When non-profits look for new corporate prospects, they look for things they have in common. Unlike dating, opposites don’t attract in corporate partnerships. Finding alignment with elements such as shared audiences, brand, or geographic footprint is a great way to start.
But sometimes it’s worth thinking laterally when it comes to the right fit. The most unlikely companies may be your most promising prospects. Like cajoling a toddler to eat broccoli, the ones that seem most unappetising could actually be better for you. They could also be the ones that make the biggest difference to your cause.
There are four categories of corporate prospect to consider. Here’s how it works.
Who has a shared interest in you succeeding? Which company is actually losing money due to the issues you’re trying to address? Medibank is a key partner of Beyond Blue and the partnership raises awareness of mental health. During the early COVID19 response, Medibank helped set up a 24/7 Coronavirus Wellbeing Support Service to meet the surge in demand for Australians seeking counselling and help with mental health. Although Medibank had the best of intentions to support the community, they could also see an explosion of health claims for poor mental health. It was in their interest to mitigate the impact on society and on their business. Similarly when NRMA partnered with the SES QLD to provide vital equipment and support they saw an opportunity where an effective SES would be a win-win for the community and their business. Consider which businesses are being impacted by the issues you’re working on and how supporting you makes for better business.
Which businesses are turning a blind eye to negative societal impact and effectively letting things continue to protect their business? Their core business might be relatively benign but their operations, procurement or practices may be facilitating the problem. When Just Jeans sold sandblasted jeans they ignored the exploitation of their outsourced overseas workers, who were exposed to the harmful dust that was causing silicosis. Furniture manufacturers might not be the ones doing the logging, but their use of old growth timber facilitates the destruction of important habitat for native animals. Online dating apps like Tinder are used to target and groom women into abusive relationships. That’s why WESNET works with Match Group to make online dating safer. Think about the corporates that are facilitating the problem and you will have a compelling proposition about working with you to be part of the solution.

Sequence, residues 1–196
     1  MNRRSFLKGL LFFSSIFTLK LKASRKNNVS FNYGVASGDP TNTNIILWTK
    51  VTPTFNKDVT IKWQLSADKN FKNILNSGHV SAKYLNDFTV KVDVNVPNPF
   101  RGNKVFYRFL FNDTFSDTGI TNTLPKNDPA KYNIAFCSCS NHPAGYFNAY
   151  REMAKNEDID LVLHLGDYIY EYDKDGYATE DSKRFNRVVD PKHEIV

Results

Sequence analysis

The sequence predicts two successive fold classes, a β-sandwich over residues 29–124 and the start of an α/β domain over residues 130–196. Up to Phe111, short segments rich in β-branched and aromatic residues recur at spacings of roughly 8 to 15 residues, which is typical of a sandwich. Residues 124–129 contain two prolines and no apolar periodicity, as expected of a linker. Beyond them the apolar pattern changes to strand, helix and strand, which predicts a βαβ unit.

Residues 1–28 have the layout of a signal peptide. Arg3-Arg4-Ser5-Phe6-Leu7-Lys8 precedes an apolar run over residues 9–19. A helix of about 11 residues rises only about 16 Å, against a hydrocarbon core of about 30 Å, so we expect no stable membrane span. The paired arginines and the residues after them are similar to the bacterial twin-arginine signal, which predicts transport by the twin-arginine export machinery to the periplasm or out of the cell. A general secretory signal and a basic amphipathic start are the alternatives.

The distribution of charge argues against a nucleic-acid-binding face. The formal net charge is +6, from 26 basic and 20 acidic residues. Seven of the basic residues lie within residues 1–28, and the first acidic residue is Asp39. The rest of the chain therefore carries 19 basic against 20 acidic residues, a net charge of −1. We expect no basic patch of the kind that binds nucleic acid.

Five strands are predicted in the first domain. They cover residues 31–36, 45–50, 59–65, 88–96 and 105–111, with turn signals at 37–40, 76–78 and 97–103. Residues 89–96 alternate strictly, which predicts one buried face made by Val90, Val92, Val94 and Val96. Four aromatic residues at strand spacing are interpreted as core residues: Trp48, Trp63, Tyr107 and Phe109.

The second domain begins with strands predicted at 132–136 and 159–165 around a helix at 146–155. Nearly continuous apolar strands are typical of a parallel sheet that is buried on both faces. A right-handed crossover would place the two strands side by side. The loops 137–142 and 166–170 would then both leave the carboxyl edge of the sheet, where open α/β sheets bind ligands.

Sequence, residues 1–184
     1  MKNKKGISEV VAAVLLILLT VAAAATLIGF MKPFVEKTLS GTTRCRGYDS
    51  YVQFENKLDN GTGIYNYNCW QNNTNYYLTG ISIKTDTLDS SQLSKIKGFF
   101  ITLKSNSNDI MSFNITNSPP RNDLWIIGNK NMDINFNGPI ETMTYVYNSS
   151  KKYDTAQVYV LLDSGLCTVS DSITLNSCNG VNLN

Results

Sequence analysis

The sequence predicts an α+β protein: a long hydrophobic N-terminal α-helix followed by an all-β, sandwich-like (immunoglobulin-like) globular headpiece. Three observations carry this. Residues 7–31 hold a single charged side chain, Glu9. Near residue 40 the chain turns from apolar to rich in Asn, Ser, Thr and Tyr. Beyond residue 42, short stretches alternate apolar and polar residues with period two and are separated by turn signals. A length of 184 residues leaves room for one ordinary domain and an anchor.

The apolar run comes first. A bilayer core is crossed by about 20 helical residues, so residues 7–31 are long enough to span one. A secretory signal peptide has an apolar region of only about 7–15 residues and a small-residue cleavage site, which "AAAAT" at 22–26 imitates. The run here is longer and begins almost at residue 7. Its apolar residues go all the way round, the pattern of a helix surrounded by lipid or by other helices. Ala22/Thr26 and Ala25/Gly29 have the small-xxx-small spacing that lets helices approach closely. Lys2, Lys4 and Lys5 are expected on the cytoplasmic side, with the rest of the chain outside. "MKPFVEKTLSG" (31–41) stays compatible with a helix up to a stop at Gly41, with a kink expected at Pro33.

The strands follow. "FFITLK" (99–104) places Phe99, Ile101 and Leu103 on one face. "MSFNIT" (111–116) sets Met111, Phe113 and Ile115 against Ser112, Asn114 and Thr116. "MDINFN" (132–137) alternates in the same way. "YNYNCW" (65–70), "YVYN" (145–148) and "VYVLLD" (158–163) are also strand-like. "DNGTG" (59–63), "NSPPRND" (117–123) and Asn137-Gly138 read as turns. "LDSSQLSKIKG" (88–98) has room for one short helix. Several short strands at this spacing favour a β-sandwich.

Who makes the problem worse for the target group, even unwittingly? When you’re struggling with a cancer diagnosis, the last thing you want is a heavy-handed response from your bank about your mortgage repayments. It will make you more stressed and less likely to focus on your recovery. When Cancer Council worked with Commonwealth Bank they helped to train the frontline customer service staff on how to deal compassionately with customers affected by cancer. The bank was able to offer appropriate support during their most difficult times, relieve the financial burden of the cancer diagnosis and improve customer retention. Another unplanned side-effect was the increased staff satisfaction from knowing they could make a meaningful difference to customers. Consider which businesses are exacerbating the problem and show them how to have a more positive response through a partnership with you.
Which corporates are the source of the issues you’re working on? What needs to change to make the world a better place? The list of prospects here might be the ones on your no-go list and your hotlist of villains. But sometimes the worst offenders can be the ones that can create a bigger shift if you can get them to change their ways. When Save the Children Sweden first worked with IKEA it was to highlight the presence of child labour in their supply chain. They took no money from IKEA and there was no public marketing. Instead, they worked closely with the company to eradicate child labour and create better livelihoods for children and families working in the supply chain.
When you’re preparing your shortlist of corporate prospects by all means look for the most obvious areas of alignment. But consider also the businesses that are part of the problem. By offering solutions, you can positively impact their operations, practices and procurement. You’ll be offering a way to positively impact society and make a substantial difference to their bottom line.